Is Africa splitting in TWO?

Fears Africa could split in TWO after enormous crack stretching for miles appears – and it is growing

-Is Africa splitting in TWO? A huge crack in Kenya that is growing could mean the continent will break up

-Plates can rupture, forming a rift and creating new plate boundaries

-East African Rift system is an example of where this is happening

-There is currently activity along the eastern branch of the rift valley

-This became evident when the large crack appeared in south-western Kenya

-Eventually, over tens of millions of years, this could cause Africa to split in two

A large crack, stretching several miles, made a sudden appearance recently in south-western Kenya.

The tear, which continues to grow, caused part of the Nairobi-Narok highway to collapse and was accompanied by seismic activity in the area.

The rift continues to grow and an expert says it’s evidence that the continent is breaking apart.

The crack has been accompanied by seismic activity and it has caused part of the Nairobi-Narok highway in in south-western Kenya to collapse, said Dr Lucia Perez Diaz.

Over a period of tens of millions of years, she said, the tear will become so big that the ocean will flood in and parts of Ethiopia and Somalia, including the Horn of Africa, will become an island, separating them from the mainland.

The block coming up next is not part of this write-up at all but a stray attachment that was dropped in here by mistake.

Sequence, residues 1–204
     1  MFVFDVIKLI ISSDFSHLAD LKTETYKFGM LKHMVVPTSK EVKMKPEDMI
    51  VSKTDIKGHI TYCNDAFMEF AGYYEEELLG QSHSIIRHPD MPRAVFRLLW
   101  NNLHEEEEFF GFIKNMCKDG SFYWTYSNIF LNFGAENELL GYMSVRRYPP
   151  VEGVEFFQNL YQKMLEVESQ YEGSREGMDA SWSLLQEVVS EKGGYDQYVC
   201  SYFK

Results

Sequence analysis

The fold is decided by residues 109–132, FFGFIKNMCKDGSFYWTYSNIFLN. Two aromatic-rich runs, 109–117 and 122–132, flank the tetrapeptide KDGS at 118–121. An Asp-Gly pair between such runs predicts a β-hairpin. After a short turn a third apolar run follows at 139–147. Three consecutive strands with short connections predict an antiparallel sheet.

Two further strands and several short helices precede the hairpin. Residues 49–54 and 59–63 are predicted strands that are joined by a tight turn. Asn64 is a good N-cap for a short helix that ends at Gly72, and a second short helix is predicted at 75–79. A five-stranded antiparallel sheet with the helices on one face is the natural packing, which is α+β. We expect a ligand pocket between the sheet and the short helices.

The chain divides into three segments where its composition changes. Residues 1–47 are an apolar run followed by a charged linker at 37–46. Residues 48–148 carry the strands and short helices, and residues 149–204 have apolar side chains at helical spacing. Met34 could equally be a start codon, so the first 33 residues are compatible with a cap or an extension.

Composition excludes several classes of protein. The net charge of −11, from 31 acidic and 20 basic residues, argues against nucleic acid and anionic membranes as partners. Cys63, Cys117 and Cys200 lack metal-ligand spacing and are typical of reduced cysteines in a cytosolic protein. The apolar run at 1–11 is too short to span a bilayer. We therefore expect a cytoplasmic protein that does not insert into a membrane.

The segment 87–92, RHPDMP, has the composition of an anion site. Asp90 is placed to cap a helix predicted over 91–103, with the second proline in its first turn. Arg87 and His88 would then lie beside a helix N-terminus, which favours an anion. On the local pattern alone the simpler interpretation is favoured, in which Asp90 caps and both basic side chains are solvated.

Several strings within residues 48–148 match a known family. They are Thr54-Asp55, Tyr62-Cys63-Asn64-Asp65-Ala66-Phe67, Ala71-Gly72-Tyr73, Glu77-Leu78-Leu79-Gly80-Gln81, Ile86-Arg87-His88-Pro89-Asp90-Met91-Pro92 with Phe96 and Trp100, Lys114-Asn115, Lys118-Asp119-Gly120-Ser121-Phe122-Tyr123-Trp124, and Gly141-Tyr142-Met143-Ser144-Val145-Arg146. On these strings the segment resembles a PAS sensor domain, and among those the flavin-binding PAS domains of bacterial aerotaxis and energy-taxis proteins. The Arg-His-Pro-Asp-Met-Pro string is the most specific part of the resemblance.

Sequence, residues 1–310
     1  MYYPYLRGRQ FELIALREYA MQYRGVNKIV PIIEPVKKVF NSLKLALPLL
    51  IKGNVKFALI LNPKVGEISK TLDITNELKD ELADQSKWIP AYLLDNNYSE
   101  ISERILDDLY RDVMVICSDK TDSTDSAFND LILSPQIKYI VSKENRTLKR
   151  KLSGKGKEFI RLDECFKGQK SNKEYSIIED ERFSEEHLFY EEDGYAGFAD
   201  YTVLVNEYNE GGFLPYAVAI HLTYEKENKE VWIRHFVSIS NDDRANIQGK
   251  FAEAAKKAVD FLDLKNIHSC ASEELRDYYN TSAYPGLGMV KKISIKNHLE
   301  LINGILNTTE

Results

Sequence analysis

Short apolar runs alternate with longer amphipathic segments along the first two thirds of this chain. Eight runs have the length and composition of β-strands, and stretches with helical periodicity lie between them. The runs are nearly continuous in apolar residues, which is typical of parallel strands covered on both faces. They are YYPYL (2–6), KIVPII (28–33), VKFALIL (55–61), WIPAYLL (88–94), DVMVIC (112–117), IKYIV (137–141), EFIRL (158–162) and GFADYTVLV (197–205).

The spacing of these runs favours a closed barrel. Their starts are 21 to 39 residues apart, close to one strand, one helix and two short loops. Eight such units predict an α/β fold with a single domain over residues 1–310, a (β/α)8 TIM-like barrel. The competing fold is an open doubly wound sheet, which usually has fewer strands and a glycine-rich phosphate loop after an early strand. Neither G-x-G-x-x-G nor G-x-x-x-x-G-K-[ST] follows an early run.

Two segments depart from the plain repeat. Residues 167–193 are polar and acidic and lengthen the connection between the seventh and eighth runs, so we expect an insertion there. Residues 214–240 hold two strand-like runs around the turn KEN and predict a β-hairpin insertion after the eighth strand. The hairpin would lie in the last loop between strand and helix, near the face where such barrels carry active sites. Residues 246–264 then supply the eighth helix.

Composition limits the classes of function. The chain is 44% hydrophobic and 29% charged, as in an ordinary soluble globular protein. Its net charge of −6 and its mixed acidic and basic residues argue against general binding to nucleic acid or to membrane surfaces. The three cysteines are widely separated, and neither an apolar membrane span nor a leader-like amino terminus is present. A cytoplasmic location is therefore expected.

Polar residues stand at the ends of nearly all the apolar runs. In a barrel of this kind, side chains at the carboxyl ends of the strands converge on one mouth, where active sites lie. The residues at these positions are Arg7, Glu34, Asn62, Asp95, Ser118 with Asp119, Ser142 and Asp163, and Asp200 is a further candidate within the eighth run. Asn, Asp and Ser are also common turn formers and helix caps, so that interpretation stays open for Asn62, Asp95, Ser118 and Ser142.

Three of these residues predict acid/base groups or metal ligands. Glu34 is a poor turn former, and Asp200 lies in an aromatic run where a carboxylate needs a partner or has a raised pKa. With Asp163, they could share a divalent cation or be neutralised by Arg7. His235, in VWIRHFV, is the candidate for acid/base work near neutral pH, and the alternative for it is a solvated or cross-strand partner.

Dr Diaz, a postdoctoral researcher at the Fault Dynamics Research Group, at Royal Holloway, University of London, has written an article for the Conversation explaining how Africa will split apart.

She said tectonic plates in the Earth’s crust and upper mantle can create a rift when they rupture, and an active example is the East African Rift Valley where the crack has appeared.

Ms Perez Diaz wrote: “The East African Rift Valley stretches over 3,000km [1,800 miles] from the Gulf of Aden in the north towards Zimbabwe in the south, splitting the African plate into two unequal parts: the Somali and Nubian plates.

“Activity along the eastern branch of the rift valley, running along Ethiopia, Kenya and Tanzania, became evident when the large crack suddenly appeared in south-western Kenya.”

Rifts are the initial stage of a continental break-up and, if successful, can lead to the formation of a new ocean basin, she added.

The scenario played out when a huge land mass broke in two, creating what’s now known as South America and Africa around 138 million years ago.

The process called continental rifting involves a large “magma plume” which forces the Earth’s crust upwards, causing it to weaken and break apart.

Researchers have found evidence of a hotter-than-normal plume – called the “African Superswell” – in the rift valley.

The rift that has appeared in Kenya is spreading at just a few millimetres per year.

Dr Perez Diaz wrote: “Eventually, over a period of tens of millions of years, seafloor spreading will progress along the entire length of the rift.

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